When employers discipline employees, they often instruct the disciplined employee to acknowledge, in writing, receipt of any disciplinary form. Often, employees are very upset about the discipline and refuse to sign the document. A recent Wisconsin Court of Appeals decision presents a cautionary tale for employees in this situation.

In Kierstead v. Labor and Industry Review Comm., No. 2011AP938, the Court of Appeals reversed the lower court’s decision and upheld the decision of the Labor and Industry Review Commission finding the employee, Ryan Kierstead, ineligible for unemployment insurance benefits. Kierstead had been disciplined by his employer two times within a one month period. After the second incident, Kierstead’s supervisor presented him with a disciplinary warning notice and instructed Kierstead to sign the document, acknowledging his receipt and review. Kierstead refused to sign the document because he disagreed with the warning. Ultimately, the company’s general manager told Kierstead that he would be fired if he did not sign the warning. Kierstead refused and, as promised, he was terminated.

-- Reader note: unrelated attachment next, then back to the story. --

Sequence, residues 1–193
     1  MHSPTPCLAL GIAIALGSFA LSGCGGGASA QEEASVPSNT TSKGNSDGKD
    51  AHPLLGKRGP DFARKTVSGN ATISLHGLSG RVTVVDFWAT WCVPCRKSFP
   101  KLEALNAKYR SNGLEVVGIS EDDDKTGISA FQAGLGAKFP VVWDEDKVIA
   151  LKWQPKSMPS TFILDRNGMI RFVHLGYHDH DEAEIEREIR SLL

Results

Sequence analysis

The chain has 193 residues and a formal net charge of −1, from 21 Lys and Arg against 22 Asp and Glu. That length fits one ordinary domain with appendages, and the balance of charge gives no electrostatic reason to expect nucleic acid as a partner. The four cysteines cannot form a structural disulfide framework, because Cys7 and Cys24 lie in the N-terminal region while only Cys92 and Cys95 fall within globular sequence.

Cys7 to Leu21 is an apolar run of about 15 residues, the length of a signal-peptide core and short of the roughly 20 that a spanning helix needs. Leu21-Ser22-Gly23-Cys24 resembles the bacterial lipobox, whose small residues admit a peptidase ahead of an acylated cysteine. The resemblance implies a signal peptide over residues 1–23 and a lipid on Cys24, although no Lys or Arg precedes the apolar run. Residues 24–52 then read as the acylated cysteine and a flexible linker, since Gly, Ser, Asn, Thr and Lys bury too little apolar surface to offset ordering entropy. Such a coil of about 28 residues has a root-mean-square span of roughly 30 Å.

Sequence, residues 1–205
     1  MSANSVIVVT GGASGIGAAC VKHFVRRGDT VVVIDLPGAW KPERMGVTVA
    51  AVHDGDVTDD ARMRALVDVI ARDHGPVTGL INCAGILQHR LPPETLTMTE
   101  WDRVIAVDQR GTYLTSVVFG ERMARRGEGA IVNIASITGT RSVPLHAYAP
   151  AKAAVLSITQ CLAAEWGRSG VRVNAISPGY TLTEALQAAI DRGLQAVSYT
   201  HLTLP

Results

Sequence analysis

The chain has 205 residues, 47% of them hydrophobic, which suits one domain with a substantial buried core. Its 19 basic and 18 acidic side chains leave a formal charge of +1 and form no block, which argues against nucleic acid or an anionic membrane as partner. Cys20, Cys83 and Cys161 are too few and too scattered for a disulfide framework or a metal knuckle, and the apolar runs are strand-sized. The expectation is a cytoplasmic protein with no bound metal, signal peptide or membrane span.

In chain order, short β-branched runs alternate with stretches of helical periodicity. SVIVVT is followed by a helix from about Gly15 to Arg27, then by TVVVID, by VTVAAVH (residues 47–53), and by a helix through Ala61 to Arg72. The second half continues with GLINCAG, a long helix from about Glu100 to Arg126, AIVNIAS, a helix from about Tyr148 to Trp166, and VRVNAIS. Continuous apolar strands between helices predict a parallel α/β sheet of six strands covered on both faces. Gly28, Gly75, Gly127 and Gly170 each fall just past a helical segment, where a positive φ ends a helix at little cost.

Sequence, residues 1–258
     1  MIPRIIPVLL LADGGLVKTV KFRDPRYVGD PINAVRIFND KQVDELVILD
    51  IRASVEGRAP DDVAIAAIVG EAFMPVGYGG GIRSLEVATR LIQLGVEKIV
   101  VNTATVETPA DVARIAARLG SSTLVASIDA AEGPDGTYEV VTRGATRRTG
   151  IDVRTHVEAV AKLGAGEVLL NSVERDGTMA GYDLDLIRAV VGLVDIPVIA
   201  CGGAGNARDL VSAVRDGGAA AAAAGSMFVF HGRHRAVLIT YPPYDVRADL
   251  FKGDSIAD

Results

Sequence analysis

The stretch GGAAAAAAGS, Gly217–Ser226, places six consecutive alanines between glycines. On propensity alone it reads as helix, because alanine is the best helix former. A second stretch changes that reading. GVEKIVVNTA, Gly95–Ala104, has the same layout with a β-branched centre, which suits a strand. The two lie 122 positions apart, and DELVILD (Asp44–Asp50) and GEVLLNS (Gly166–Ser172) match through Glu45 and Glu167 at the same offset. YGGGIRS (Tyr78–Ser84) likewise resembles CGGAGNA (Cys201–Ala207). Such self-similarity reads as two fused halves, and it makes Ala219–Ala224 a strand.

An administrative law judge and the Labor and Industry Review Commission found Kierstead ineligible for benefits, concluding that his refusal to sign the disciplinary warning comprised a voluntary termination of his employment, making him ineligible under Wis. Stat. § 108.04(7)(a). In upholding the Commission’s decision, the Court distinguished situations where the disciplined employee’s signature would serve as an admission of the conduct at issue from those situations in which the employee was merely acknowledging receipt and review of the document. In the latter situation, a refusal to sign and subsequent dismissal is a “voluntary termination” of employment without good cause attributable to the employer. The Court clarified that a mistaken belief that signature would amount to an admission – leading to dismissal – constitutes good cause attributable to the employer under Wis. Stat. § 108.04(7)(b).

A disputed claim for unemployment insurance benefits presents a stressful situation for dismissed employees. If you have been denied unemployment benefits, a Hawks Quindel, S.C., employment attorney can assist you with the appeal process.

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Nicholas Fairweather